• Making housing more available and more affordable;
  • Retaining the talent produced here on campus in the form of innovative incubator business ventures as a way of promoting economic development;
  • Consulting with subject matter experts on campus when making city council policy decisions;
  • Collaborating on our General Plan update.

I will continue and build on the work our prior council and county supervisors did by entering into the MOU with the University of California related to student housing.

We need to develop a strong partnership with the University so that we retain the talent produced on campus. Many innovative technologies and ideas originate from UCD; if we can keep that talent here in the form of incubator businesses, we can create new jobs and promote economic development. Not tapping into this talent and finding suitable commercial space puts us at a competitive disadvantage from other cities.

I will cultivate relationships with subject matter experts on campus so that their expertise informs my decision-making. We have some of the top experts in transportation planning, climate change, land use, agtech, and business innovation on campus. The City already relies on many of those experts, and I look forward to continuing those relationships.

Finally, UCD students are in the best position to advocate for the issues that impact them: housing, transportation, bike safety, mental health services, food insecurity, and others.  I would advocate for creating a more formal relationship between city council and the student body, perhaps as a 2×2 where city council and student body representatives meet regularly.

About The Author

Disclaimer: the views expressed by guest writers are strictly those of the author and may not reflect the views of the Vanguard, its editor, or its editorial board.

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1 Comment

  1. Todd Edelman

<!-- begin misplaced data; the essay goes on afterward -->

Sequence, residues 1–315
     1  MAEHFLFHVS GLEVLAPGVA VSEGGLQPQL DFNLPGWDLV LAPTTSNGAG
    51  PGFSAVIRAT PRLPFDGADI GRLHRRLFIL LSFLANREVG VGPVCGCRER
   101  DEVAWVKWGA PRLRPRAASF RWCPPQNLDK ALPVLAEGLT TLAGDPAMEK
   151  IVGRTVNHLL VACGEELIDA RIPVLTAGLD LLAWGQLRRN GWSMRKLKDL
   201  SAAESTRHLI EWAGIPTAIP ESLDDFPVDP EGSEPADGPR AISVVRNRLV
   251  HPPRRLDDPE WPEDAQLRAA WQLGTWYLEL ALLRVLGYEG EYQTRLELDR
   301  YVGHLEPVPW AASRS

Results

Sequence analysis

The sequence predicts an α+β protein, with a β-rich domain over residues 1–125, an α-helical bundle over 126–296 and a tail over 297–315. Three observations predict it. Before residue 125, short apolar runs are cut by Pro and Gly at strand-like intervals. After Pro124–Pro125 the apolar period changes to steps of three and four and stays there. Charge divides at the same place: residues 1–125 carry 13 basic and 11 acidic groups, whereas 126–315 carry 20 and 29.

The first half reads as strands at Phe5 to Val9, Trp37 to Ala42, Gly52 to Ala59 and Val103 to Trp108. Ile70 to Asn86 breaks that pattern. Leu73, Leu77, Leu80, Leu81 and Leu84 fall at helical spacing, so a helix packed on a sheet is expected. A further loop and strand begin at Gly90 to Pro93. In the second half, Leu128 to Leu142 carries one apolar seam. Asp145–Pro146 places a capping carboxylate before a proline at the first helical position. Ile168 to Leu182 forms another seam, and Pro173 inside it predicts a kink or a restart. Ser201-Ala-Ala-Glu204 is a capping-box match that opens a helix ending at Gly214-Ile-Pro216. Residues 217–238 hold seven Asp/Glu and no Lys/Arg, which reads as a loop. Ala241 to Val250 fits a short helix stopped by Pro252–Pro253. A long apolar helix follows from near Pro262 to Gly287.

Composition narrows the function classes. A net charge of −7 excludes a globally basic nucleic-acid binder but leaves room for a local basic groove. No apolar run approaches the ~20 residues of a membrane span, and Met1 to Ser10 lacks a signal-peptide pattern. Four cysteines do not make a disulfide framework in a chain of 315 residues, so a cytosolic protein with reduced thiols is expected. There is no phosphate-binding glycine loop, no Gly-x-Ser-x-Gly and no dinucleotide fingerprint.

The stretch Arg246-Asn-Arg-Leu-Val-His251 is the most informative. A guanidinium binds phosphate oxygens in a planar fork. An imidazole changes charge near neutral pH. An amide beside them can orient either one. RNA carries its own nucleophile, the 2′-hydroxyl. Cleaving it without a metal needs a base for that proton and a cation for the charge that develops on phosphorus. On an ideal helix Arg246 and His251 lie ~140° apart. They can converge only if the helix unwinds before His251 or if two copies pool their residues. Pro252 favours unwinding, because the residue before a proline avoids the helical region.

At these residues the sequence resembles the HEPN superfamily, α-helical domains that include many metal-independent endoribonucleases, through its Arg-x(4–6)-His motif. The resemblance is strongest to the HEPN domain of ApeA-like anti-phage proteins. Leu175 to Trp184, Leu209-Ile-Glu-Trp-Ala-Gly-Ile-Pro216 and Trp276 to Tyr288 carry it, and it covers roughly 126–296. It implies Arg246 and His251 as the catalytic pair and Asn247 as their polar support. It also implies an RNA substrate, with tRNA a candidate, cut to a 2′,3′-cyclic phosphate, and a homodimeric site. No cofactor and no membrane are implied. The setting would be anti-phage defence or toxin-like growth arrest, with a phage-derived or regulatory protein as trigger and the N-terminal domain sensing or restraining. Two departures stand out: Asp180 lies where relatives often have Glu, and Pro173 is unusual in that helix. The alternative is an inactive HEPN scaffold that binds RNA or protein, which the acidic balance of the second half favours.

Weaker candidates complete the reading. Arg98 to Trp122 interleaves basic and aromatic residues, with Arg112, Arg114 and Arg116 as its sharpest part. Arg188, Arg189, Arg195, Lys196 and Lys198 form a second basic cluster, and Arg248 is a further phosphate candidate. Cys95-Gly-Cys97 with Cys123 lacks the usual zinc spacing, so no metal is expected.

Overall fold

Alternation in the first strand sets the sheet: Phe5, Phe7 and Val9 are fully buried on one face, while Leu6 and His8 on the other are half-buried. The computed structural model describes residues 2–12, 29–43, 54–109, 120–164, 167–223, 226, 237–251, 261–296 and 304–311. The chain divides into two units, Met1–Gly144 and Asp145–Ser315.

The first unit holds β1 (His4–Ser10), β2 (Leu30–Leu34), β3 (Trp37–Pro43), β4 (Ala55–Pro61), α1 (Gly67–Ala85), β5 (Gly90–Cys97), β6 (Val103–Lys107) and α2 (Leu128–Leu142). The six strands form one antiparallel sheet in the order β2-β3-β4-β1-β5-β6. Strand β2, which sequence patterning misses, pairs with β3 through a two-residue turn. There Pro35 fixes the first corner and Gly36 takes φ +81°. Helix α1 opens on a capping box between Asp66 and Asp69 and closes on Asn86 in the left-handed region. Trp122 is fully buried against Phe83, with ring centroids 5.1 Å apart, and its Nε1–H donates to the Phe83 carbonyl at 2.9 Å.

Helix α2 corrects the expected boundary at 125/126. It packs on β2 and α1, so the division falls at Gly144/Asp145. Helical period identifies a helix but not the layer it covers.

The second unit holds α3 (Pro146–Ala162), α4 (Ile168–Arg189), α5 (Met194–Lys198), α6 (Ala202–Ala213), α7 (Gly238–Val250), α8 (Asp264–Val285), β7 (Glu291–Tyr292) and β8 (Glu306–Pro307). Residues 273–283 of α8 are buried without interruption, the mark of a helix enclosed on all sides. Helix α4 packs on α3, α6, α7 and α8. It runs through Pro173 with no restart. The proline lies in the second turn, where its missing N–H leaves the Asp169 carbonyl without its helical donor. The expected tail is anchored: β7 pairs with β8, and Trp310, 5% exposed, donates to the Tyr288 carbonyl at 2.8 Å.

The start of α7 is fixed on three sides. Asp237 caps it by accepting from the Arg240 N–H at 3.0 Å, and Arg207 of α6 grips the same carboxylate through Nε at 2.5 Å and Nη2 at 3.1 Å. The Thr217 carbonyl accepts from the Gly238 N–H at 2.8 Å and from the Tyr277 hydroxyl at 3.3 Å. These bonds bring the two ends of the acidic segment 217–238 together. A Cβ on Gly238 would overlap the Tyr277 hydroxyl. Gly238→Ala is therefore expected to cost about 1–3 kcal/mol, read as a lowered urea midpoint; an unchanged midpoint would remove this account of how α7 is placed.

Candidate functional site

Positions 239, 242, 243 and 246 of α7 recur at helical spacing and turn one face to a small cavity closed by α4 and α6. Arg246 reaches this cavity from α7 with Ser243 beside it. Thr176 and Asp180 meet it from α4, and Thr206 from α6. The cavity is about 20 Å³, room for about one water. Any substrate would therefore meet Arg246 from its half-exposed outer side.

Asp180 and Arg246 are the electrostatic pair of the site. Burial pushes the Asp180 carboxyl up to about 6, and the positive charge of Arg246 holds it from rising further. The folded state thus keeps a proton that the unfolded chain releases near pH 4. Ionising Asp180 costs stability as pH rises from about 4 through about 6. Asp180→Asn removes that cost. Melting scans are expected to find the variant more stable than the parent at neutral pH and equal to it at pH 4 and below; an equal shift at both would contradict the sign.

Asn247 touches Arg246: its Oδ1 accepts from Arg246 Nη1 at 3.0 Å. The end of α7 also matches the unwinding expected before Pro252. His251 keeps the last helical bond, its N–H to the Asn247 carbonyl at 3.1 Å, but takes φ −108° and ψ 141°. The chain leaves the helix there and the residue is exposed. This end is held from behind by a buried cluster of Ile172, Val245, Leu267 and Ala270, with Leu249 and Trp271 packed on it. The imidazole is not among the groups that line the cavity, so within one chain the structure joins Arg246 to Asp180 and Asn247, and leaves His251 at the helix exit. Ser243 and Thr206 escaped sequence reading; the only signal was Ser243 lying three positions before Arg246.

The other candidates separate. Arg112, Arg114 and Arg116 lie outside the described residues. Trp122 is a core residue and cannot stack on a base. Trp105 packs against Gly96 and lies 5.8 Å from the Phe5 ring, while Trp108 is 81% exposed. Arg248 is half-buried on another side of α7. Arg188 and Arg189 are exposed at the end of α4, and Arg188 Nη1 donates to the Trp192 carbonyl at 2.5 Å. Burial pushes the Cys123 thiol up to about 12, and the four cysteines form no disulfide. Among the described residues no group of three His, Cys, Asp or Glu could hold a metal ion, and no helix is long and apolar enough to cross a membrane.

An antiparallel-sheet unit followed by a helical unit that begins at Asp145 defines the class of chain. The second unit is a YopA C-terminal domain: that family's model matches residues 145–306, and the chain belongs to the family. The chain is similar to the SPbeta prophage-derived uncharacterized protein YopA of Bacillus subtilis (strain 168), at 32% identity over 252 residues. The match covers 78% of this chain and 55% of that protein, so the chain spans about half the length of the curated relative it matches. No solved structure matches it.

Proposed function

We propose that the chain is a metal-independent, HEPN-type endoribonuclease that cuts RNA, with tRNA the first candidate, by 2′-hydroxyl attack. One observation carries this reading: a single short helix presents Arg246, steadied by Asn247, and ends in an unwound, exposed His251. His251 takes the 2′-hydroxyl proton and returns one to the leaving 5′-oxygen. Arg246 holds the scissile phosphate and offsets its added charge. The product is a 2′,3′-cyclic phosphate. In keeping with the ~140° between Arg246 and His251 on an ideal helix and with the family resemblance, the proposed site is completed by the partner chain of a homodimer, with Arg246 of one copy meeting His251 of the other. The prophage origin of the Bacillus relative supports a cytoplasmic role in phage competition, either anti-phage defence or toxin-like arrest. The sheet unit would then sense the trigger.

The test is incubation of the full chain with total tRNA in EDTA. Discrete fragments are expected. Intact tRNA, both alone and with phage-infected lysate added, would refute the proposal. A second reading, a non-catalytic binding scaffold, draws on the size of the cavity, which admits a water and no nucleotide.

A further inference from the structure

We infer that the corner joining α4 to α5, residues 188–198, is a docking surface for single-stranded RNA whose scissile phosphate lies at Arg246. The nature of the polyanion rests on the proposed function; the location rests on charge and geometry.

At least one or two City of Davis Commissions have an ex-officio from UCD: Human Relations has two, but one’s vacant.  Perhaps more Commissions should be so equipped? Or should we have a quota of voting members?

    Yet what opportunity is there for non-University-associated City of Davis residents to participate in similar fashion in UCD governance?

    And seriously, no mention of University Commons… ex-University Commons? Early on in the process when I was a member of the BTSSC I suggested that a formal “City-Campus District” should be created to have an influence on this. Not a soul moved on that: Was told that the Reimagine Russell would be the related useful collaboration, but that was mostly a consultant-led mess, facilitated in non-transparent fashion by a now departed City staff member.

    An City residents pay something into Unitrans but can’t use it fare-free… okay, graduate students etc also can’t, yes?, but still…

    My impression is that the Chancellor of UCD has more gravitas than the City Council, in aggregate. Should this be the case? (Not the personalities, but the actual office…)

    Healthy Davis Together was great… wasn’t it mostly a UC-led thing?

    How many UCD graduates actually want to live here if they could afford it? There’s this consistent thing that many, many would, probably more than the reality….